More than anything else, it was the fact we’d heard this song before, and so had Rene Meulensteen, who commented after the game; “When I saw Manchester United today I thought the game-plan was quite straight forward – get it wide, get it in. If you’re well organised and the goalkeeper is in good positions to come and collect the ball, it can be easy [to defend against].”

Not that I’m suggesting Manchester United would be in a different position than they are now if Moyes had arrived at Old Trafford in the summer immediately announcing  plans to go against every tactical principle of the club’s  identity – although there have been signs of the Red Devils’ need to modernise tactically for some time. That would be purely through the benefit of hindsight alone.

But amid the current situation David Moyes now finds himself in, in which Manchester United could finish the season with the unenviable title of the worst championship defence of the Premier League era, the Scot would at least have the safety net of trying something different.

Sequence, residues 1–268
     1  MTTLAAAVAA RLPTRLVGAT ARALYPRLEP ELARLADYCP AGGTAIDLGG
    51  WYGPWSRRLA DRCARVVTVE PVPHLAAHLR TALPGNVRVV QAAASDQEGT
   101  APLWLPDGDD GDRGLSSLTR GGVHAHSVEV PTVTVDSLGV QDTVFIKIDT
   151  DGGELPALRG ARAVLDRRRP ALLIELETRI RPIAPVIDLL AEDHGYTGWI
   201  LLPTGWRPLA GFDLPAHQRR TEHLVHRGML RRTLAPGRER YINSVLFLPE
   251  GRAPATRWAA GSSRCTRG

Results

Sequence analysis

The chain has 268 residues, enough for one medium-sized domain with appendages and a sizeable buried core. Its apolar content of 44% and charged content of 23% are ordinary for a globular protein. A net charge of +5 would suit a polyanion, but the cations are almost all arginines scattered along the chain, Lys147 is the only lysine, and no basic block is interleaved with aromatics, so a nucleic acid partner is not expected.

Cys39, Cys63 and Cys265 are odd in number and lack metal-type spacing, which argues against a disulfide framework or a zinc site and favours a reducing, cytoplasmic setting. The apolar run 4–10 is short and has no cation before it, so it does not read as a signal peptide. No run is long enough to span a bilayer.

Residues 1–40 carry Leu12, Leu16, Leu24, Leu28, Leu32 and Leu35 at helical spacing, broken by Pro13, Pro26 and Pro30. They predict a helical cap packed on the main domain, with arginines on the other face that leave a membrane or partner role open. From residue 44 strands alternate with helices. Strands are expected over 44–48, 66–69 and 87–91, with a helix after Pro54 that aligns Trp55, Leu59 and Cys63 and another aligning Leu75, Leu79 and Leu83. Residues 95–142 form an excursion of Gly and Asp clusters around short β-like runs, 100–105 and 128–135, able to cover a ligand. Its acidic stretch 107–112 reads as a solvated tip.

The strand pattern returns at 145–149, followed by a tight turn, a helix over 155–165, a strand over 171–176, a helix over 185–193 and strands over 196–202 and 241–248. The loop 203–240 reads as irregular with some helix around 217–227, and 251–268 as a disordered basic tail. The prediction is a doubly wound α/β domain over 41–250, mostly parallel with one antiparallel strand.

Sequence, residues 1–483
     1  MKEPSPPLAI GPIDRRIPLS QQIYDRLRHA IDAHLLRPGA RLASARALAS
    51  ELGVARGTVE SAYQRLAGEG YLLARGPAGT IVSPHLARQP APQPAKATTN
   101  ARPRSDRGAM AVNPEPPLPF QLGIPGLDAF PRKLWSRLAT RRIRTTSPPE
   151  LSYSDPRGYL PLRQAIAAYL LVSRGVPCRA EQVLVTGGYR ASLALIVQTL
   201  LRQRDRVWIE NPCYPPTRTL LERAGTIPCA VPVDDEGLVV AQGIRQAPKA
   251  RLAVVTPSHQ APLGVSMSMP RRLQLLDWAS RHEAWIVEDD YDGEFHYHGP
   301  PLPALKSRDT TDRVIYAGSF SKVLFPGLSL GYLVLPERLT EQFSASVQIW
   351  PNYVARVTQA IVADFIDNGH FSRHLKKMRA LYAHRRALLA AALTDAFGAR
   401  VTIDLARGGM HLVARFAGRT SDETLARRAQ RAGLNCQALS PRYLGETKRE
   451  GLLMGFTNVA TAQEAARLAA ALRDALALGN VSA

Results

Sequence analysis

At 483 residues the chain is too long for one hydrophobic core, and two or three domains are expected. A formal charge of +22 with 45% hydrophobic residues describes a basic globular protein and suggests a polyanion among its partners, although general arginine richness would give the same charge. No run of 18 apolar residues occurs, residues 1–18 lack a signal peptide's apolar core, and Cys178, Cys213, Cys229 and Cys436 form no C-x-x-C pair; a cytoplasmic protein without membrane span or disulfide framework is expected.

Regardless of results, he could have answered his critics honestly with the undeniable truth that he was attempting to move the club in a new direction, rather than his futile efforts of prolonging an era that was orchestrated, masterminded and personified by the one man no longer at the club.

It would be wrong of me to suggest that David Moyes is entirely to blame. The fact is that Manchester United is a club shaped in Ferguson’s image – his influence can be felt at every level of the Old Trafford hierarchy, in the club’s every department and, barring Juan Mata and Marouane Fellaini, every player in the first team is a Ferguson signing.

A more daunting battle than confronting his predecessor’s almighty shadow and reputation is the task of overcoming the institutionalised legacy Ferguson has left behind. In essence, if Moyes is to ever instigate significant change at Old Trafford, the history, beliefs, ethos and character of the club itself – all molded in Ferguson’s effigy – remains his biggest nemesis.